Microsoft's Acquisition of LinkedIn: Tips for Freelancers
LinkedIn and Freelancers
Many writers on social networks use their online profiles to showcase their portolio, client feedback, track record and career history. With Microsoft's acquisition of LinkedIn in 2016, how do freelancers ensure they reach potential clients?
Your Online CV
LinkedIn: a 20th Century Business Model
Although LinkedIn introduced several changes to its users over time, for example displaying a Facebook-like newsfeed, at its core its business model is steeped in the 20th century. People meeting at networking events would use LinkedIn as their online CRM (customer relationship management) system, which was free to use as a default when it first launched. The premium feature was introduced in 2011 to speed up the process of requesting introductions to contacts. Historically on LinkedIn, you needed a friend or existing contact for an introduction to someone you hadn't met yet but that you thought could be a useful contact for your business.
You could only send private messages to your existing contacts when LinkedIn started, and this is still the case for free users. The premium feature allows paying members to send a private message to people who are not in their network of connections.
What Has LinkedIn Done for Freelancers?
In two words: not much. Back in the 20th century there weren't as many freelancers as there are today. The majority of people were in 9-5 jobs and most of them were dreaming about a better and/or better paid job during their working week and weekend. LinkedIn was like a supercharged job market where you could have a good look around, see what your peers were doing, particularly your ex colleagues who had moved on to bigger and better things.
Freelancers had to beg their former bosses and colleagues for written endorsements (testimonials) to be able to attract new clients. This was a very useful feature, but if you were on the receiving end of endless requests for endorsements it would get tiresome, especially when you weren't reciprocated.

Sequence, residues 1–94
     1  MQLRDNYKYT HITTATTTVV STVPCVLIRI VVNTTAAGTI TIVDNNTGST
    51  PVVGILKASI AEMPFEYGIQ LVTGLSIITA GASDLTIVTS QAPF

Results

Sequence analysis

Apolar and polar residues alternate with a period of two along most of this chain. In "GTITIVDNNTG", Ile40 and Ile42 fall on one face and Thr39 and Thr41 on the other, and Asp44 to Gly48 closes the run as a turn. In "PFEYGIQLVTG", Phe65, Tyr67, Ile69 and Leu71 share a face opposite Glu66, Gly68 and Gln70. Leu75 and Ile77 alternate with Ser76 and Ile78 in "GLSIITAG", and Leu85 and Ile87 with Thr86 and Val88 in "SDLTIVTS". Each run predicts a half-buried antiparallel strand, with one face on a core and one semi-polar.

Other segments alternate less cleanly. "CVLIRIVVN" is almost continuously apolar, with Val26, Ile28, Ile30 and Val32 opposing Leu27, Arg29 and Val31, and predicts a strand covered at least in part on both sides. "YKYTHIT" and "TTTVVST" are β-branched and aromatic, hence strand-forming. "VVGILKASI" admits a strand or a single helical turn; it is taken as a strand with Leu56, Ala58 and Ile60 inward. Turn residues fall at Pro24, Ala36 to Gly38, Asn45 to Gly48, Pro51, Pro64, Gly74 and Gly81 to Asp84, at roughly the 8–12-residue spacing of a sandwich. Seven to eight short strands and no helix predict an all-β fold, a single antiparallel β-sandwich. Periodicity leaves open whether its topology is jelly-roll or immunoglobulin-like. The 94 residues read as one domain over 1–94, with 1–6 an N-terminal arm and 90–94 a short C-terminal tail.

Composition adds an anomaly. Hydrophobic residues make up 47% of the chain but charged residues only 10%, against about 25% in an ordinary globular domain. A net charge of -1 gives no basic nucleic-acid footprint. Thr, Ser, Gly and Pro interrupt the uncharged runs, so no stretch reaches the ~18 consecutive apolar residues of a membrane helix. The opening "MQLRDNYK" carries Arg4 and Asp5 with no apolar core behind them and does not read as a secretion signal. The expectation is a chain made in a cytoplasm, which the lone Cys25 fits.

LinkedIn then introduced a “click and endorse” system where you weren't even expected to write a full recommendation but you could simply click on someone's skill attached to their profile to “endorse” them. People would collect clicks like kids collect stickers, but apart from seeing lots of different skills icons next to your name this wouldn't add any value to a profile. Personally I deleted that feature years ago. The main reason was that it was a waste of time, because it didn't motivate people to hire me as a freelancer and I noticed that people would click to endorse a skill only because they wanted me to reciprocate.
If you as a freelancer can get at least three good written endorsements/testimonials on your profile, then potential clients can read them and evaluate whether you are a good match for their organisation. However, if all your endorsements are from several years ago you will need to request a new endorsement from a client of one of your latest projects you have been working on otherwise people will move on to another profile that is more up to date.
What Should Freelancers Write on Their LinkedIn Profile?
Because Microsoft is likely to share data across various platforms, be careful what you publish online. Make it a habit to update your profile on a regular basis, adding and deleting projects. The new LinkedIn is geared towards data mining for the employment market. As a marketplace for jobs, LinkedIn is aimed a specific section of the workforce that has a long term view of their career and is likely to be employed instead of doing freelance work. Freelancers move from project to project and it's difficult for LinkedIn to pin them down accurately in terms of targeting them for advertising.
These are my suggestions for making the most of your LinkedIn profile and presence:
Keep your summary short but very focused on achievements
Don't fill in your career history but if you have set up your own company have that as your employer, especially if you have been self-employed for a while
Use the Projects and Publications sections to your advantage listing the articles you have written and successful projects you have been involved in
Choose a maximum of 3 skills and choose them very carefully, ensuring that when people search for these keywords they will be able to find your profile
Use the “Jobs” search facility to find freelancing opportunities, but bear in mind they are few and far between because the majority of openings are for permanent jobs
Update your profile a few times a year to ensure you keep it current but don't expect too much from LinkedIn as a source of prospects
Have an eye-catching headline summarising your experience
If you really want to work with a specific brand, reach out to them directly on LinkedIn or ask one of your contacts for an introduction
Use pictures and videos in your profile
Share relevant news items on a regular basis
I Chose to Keep My LinkedIn Profile to a MinimumClick thumbnail to view full-size
Is LinkedIn Useful for Freelancers?
So, should you bother with LinkedIn at all? After the dust settles and the inevitable teething problems resulting from the acquisition will be resolved, LinkedIn is only one of many avenues to explore to showcase your skills. In the meantime, over the years other competing platforms will surely emerge.